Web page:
Windshields are not super complicated things. What makes windshields crack and break is usually one of three things: weakening due to age, direct force, or weather-related trauma. In some cases, a crack can be repaired, but in most cases, an actual crack (rather than a chip) means a windshield replacement.
Windshields crack due to time and age, usually precipitated by an event. For example, over time, you will receive thousands of tiny hits on your windshield: small rocks, grit blown off the road or kicked up by passing vehicles, sand and salt from winter road icing, and even windstorms. All of these tiny hits gradually pit your windshield so that a bump in the road can precipitate a crack that spans four inches or your entire car width.
Another cause of windshields cracking is direct force. That extra-large rock that gets thrown up by the big vehicle in front of you. That baseball at a fall game. The icicle off your car port. Someone throwing cans off an overpass. Any numbers of direct hits can cause a crack in your glass.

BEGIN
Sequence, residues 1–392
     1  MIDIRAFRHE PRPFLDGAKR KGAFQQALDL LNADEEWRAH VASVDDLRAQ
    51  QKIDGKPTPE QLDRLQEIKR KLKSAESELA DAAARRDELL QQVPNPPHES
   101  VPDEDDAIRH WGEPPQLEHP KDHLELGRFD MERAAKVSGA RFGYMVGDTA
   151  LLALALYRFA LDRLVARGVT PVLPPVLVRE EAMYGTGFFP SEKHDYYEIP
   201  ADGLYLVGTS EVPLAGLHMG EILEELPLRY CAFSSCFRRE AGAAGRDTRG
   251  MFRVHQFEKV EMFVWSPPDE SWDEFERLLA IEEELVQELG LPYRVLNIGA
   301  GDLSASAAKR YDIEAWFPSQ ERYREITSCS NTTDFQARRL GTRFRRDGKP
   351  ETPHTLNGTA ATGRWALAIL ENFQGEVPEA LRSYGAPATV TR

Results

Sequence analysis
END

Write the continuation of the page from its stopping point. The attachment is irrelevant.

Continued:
Finally, weather. If you have a small chip, the changing weather can turn it into a large, inconvenient crack. The cold, cold nights followed by direct sunlight that heats up your car quickly can play havoc with chips that you didn’t even know existed until they turn into cracks.
If the crack from any of these causes is small enough (<4 inches), you might be able to get them repaired. If they are not right along the edge of the glass, and if your windshield is not terribly old and pitted you might be able to get the crack repaired.
In many cases, however, a crack—unlike a chip—really means the windshield needs to be replaced so it continues its job of keeping car occupants safe.